I’m not coping with October’s mild weather. I need an autumnal breeze, bare branches, shades of orange under my feet. If I wanted warmth October, I would have asked for it.
I picked up The Tenant of Wildfell Hall hoping I could channel the wintry Brontë atmosphere I have come to know and love, and relied on Anne to take me from this endless summer.
‘Gilbert Markham is deeply intrigued by Helen Graham, a beautiful and secretive young widow who has moved into nearby Wildfell Hall with her young son. He is quick to offer Helen his friendship, but when her reclusive behavior becomes the subject of local gossip and speculation, Gilbert begins to wonder whether his trust in her has been misplaced. It is only when she allows Gilbert to read her diary that the truth is revealed and the shocking details of her past.’ GoodReads.
It took me a chapter or two to adjust to a male protagonist. I was pushed off balance by Gilbert, I expected another Cathrine, another Jane. We read Helen’s narrative through diary entries and letters, void of the feeling that she is speaking to the reader. Gilbert controls the narrative, and what the reader knows. It was different, it was unexpected.
Both Emily and Charlotte’s novels envelope the supernatural, when reading both Wuthering Heights and Jane Eyre I focused on the characters over anything outside of their isolated existence. Anne puts the reader within a community, she addresses social issues and highlights the plight of married women and the dangers of drink.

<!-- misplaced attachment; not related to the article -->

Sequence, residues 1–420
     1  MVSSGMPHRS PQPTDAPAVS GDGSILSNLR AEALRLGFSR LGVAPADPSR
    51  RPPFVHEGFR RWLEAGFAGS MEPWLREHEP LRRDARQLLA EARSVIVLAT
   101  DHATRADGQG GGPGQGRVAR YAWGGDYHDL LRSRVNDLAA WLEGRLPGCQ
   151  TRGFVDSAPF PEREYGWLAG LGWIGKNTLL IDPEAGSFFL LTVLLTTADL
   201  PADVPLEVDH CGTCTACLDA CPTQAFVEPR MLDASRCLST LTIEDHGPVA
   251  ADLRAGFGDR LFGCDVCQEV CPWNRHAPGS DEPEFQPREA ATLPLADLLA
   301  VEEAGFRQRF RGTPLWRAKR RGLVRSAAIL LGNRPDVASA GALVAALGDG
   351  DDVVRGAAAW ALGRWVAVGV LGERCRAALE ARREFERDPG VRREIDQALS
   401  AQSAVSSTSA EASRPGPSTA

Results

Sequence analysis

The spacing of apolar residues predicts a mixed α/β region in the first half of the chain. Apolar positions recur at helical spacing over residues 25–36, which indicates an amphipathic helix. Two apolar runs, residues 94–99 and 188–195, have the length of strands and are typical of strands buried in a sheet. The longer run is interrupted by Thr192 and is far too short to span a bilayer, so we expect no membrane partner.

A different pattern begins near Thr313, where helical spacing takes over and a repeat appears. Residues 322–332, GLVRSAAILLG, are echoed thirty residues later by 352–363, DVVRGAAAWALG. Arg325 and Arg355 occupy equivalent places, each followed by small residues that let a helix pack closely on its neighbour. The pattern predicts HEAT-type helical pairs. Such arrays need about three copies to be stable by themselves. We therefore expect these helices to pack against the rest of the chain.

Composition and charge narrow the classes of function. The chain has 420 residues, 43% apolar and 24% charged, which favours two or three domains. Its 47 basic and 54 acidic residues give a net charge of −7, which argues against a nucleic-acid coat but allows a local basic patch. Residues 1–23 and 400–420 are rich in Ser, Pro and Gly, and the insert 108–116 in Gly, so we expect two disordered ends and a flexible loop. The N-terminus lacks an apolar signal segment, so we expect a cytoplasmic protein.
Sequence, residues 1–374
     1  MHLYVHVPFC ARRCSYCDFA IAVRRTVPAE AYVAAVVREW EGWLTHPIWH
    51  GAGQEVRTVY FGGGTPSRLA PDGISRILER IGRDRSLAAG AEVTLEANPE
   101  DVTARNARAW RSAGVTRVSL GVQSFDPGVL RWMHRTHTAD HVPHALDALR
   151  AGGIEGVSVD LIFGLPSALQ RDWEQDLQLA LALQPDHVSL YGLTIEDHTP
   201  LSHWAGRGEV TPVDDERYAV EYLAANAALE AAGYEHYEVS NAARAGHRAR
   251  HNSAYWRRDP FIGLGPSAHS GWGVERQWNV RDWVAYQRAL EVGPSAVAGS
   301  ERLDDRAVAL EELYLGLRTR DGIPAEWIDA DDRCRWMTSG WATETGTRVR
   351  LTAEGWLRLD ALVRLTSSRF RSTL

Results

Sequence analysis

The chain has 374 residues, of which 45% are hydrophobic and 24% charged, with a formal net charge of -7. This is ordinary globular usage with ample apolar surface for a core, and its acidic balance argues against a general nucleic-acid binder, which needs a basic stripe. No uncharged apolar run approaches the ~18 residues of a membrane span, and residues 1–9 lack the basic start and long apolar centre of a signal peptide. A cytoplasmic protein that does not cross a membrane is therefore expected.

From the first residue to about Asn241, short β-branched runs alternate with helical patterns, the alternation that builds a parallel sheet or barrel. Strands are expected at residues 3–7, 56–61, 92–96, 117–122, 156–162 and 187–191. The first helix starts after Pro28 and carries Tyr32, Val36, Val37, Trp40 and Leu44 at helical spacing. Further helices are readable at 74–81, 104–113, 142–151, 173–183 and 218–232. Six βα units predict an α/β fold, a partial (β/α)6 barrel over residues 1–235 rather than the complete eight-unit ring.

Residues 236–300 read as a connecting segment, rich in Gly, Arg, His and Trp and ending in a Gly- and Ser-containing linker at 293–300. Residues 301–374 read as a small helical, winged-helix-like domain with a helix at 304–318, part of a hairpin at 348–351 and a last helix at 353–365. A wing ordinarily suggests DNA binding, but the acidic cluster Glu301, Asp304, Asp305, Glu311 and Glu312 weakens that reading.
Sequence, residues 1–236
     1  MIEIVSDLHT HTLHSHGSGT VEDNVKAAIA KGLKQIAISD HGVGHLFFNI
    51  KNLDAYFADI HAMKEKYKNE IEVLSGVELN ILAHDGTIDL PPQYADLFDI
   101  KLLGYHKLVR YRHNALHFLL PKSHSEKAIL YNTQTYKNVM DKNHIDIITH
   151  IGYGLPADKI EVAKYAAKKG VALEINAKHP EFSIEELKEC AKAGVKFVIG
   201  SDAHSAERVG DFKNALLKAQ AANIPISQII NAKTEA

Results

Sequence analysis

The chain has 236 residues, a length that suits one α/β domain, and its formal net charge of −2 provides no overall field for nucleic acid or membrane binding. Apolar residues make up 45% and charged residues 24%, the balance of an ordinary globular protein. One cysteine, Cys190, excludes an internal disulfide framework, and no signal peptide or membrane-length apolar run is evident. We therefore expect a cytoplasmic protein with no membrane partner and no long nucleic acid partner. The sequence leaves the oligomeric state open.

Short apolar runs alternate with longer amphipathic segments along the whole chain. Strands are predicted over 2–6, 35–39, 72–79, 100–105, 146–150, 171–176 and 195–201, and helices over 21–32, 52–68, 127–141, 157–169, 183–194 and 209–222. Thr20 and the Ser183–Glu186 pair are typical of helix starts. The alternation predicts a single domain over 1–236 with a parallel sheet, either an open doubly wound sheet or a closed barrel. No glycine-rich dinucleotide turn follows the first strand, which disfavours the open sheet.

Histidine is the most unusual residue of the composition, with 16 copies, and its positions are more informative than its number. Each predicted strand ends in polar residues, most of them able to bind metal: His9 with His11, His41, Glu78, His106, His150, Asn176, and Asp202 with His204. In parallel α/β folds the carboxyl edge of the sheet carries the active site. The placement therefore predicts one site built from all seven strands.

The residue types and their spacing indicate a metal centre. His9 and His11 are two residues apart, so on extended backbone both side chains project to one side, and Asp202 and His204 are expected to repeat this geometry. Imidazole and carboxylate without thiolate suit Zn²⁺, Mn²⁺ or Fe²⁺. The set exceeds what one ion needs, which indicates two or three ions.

Helen is adamant she will not marry for love alone, but overlooks Arthur’s faults regardless. Arthur has affairs, abandons her for seasons and flaunts a wicked existence in her presence. At her lowest she is removed from her son, whom Arthur is set to corrupt. Her flight to Wildfell Hall is scandalous, though her motives pure.
“You need not fear me, for I not only should think it wrong to marry a man that was deficient in sense or in principle, but I should never be tempted to do it; for I could not like him, if he were ever so handsome, and ever so charming, in other respects; I should hate him—despise him—pity him—anything but love him. My affections not only ought to be founded on approbation, but they will and must be so: for, without approving, I cannot love. It is needless to say, I ought to be able to respect and honour the man I marry, as well as love him, for I cannot love him without.” – Helen.
Anne nursed her alcoholic brother Branwell, as well as being witness to his affair with a married woman. In The Tenant of Wildfell Hall, Anne tells a very personal story about the dangers of alcoholism and presents her plight of a woman in marriage in the guise of Mrs Graham. Where Charlotte and Emily write about love, Anne writes about cultural issues.
Reading Wildfell Hall was not the illuminating experience Wuthering Heights was, nor did it equal the struggle of the latter half of Jane Eyre. I found it difficult to sympathise with the forceful and emotive Gilbert or the pious Helen, but I appreciated the cultural criticism Anne gave me.
Of all the Brontë novels I have read, The Tenant of Wildfell Hall has been the most important.